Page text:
Year 2008 - Volume 44
2020 - Present

Welcome to this first issue for 2008. I hope you enjoy the articles and problems. The articles by Michael Deakin and Peter Brown in this issue both relate to proof: Dedkind’s proof that there are an infinite number of objects and the proof by mathematical induction.

Michael A. B. Deakin
During my student days at the University of Melbourne I first encountered the passage I want to share with you. It was brought to my attention by a fellow-student, who found it interesting and unusual, as I did then and still do today.

P.G. Brown
The method known as mathematical induction is generally thought to have been introduced by Pascal (circa 1654), although a contrapositive form called the 'method of infinite descent’ was used by Fermat a little earlier. The name ‘mathematical induction’ was first used by De Morgan.

Bill McLean
A lot of useful mathematical software is freely available via the internet. If you look hard enough you can find a code to solve just about any standard mathematical problem, and for many years professional scientists have downloaded programs and subroutine libraries from epositories like netlib.

Q1261 A hat contains N=2n tickets, n=2,3,4,…, each marked with a number from 1 to N . (Each ticket has a different number.) In a game, players are asked to draw from the hat two tickets, read them, and replace them. Prize winners are those who draw two numbers whose ratio is 2 .

Q1251 Show that the product of 4 consecutive integers is always one less than a perfect square.
ANS: We can denote the 4 consecutive integers by n−1,n,n+1 and n+2 . Then .

Welcome to this first issue for 2008. I hope you enjoy the articles and problems. The articles by Michael Deakin and Peter Brown in this issue both relate to proof: Dedkind’s proof that there are an infinite number of objects and the proof by mathematical induction.

Si Chun Choi
In my first year of teaching, I was given a formula summary sheet to be handed out to my year 11 general mathematics class. One formula was particularly appealing.
2(xy+yz+xz)

Michael A. B. Deakin
Euclid’s Elements [of Geometry] is one of the most influential books ever written. It was first compiled in about 300 BCE, and it reigned supreme in the classroom into living memory.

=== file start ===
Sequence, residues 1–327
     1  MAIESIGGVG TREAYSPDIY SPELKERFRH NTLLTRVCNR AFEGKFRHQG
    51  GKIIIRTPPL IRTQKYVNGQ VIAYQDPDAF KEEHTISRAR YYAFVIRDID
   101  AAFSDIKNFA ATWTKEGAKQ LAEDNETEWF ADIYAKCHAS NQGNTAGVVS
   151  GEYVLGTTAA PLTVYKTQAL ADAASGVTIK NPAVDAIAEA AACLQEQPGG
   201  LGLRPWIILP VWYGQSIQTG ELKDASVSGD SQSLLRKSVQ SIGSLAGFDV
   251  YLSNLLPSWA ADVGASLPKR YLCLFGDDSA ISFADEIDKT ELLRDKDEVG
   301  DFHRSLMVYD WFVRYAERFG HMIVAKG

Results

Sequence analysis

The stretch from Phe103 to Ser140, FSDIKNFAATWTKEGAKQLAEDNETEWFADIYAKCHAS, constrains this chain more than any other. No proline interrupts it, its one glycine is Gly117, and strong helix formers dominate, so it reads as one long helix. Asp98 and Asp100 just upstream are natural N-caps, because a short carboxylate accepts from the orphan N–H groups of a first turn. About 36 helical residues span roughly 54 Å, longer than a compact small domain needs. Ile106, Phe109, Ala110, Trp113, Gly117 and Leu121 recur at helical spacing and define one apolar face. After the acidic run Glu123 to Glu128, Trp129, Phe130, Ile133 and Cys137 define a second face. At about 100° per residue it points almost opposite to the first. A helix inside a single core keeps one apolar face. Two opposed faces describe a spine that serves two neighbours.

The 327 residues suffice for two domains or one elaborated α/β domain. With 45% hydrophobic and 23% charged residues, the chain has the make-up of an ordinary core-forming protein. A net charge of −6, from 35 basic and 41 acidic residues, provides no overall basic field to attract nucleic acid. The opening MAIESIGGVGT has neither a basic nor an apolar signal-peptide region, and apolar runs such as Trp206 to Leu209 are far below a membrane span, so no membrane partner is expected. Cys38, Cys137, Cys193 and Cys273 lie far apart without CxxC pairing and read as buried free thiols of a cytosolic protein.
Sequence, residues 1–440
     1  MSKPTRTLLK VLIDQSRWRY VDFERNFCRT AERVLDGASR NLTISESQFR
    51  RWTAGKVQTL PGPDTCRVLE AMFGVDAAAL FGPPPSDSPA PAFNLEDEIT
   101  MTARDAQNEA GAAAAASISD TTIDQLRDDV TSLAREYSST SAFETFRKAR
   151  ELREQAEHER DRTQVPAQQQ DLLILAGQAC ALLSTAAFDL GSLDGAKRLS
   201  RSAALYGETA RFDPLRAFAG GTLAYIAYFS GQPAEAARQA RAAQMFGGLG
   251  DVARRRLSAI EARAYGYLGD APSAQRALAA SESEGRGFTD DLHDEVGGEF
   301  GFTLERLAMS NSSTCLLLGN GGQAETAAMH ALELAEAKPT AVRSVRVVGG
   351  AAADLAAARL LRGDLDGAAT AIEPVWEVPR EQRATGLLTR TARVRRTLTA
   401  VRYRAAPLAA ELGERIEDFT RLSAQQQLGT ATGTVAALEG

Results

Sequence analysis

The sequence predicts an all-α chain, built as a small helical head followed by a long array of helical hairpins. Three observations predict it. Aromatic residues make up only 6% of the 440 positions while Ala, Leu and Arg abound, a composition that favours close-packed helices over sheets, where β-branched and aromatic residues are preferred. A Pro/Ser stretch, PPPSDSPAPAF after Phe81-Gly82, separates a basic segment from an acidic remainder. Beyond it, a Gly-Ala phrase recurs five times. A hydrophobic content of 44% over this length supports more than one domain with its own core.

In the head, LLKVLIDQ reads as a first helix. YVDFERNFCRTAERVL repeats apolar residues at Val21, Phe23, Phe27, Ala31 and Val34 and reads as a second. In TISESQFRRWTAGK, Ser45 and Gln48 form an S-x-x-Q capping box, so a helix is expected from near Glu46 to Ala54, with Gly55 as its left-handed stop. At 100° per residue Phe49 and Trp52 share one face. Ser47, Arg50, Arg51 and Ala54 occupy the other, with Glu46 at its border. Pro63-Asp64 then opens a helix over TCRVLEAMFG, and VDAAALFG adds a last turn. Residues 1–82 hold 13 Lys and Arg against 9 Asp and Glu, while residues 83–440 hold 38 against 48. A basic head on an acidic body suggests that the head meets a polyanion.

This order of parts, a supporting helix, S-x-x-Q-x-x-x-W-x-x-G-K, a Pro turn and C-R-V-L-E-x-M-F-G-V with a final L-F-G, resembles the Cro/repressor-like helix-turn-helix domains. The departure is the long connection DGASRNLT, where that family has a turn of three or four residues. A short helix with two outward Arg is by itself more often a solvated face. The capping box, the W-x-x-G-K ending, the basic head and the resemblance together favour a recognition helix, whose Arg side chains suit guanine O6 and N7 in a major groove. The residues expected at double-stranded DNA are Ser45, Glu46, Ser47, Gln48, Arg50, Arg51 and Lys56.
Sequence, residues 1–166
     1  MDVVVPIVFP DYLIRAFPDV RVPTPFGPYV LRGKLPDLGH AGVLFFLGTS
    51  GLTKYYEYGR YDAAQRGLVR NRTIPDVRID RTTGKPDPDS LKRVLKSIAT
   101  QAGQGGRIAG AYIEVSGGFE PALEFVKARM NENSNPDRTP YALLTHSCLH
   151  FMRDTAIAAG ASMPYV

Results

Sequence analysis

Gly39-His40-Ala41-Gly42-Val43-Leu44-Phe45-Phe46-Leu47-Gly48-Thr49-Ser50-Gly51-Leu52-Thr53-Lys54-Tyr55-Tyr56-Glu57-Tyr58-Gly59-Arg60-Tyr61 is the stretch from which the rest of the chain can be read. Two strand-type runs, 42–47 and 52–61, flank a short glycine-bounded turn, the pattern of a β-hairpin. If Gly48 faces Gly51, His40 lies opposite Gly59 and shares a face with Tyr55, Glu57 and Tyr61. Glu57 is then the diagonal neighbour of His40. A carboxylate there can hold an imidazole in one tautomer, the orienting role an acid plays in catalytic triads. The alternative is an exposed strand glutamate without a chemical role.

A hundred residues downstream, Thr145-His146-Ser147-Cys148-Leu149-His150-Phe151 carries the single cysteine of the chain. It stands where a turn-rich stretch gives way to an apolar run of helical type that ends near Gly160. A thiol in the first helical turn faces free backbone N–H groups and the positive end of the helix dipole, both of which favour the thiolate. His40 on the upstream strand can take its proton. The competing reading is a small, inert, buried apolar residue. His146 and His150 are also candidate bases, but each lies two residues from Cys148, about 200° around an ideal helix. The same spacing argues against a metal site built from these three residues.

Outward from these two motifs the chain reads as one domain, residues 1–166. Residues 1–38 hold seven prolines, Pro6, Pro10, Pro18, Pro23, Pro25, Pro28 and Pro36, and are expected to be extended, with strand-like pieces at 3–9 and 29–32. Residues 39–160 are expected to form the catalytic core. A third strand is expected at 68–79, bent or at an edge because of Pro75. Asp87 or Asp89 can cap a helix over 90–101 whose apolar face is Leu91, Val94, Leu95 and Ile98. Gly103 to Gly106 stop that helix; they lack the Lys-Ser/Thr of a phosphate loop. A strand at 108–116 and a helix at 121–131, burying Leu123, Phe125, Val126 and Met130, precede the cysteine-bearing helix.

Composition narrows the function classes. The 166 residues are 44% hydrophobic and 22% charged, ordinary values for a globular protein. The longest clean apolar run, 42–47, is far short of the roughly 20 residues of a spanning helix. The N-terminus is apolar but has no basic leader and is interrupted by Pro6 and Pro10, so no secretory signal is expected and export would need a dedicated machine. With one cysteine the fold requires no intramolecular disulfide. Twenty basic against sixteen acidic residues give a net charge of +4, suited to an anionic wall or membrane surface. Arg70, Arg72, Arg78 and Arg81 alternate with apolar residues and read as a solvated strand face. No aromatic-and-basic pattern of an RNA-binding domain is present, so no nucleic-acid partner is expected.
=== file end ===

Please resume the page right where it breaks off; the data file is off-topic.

Lara Scharenguivel and Bin Deng
Mathematical and statistical methods are well known to underpin our highly technological society but it is perhaps less well known that mathematics and statistics are also being used as tools in the defence of human rights.

Problem 1
1. What is the angle between the long hand and the short hand of a clock at twenty minutes past four?
2. What is the next time, to the nearest second, at which the two hands of the clock have the same angle between them?

Competition Winners – Senior Division

Q1271 (suggested by Julius Guest, Victoria) Solve simultaneously
x2+xy+y2=189
x-(√xy)+y=9

Q1261 A hat contains N=2n tickets, n=2,3,4,…, each marked with a number from 1 to N . (Each ticket has a different number.) In a game, players are asked to draw from the hat two tickets, read them, and replace them. Prize winners are those who draw two numbers whose ratio is 2 .

Welcome to the final issue for 2008. I am delighted to let you know that the U-Committee of the University of New South Wales has generously provided us with funds to set up a website for online mathematics outreach to secondary school students throughout Australia.

Bill McKee In an earlier article in Parabola (Volume 42, Number 2, 2006), I showed how we could find a straight line which is drawn so as to approximately fit some data points via the process of least-squares fitting.

Michael A. B. Deakin The German publishing house Springer-Verlag puts out a continuing series of volumes on biomathematics, the application of mathematics in a biological context of one kind or another. Volume 22 of this series, published in 1978, was entitled The Golden Age of Theoretical Ecology: 1923-1940.

Q1281 Prove that for any real numbers a and b there holds
(1+|a|)/(1+|b|)≤(1+|a−b|).

Q1271 Solve simultaneously
x2+xy+y2=189
x-(√xy)+y=9.
ANS: (suggested by Julius Guest, Victoria, and Keith Anker, Victoria)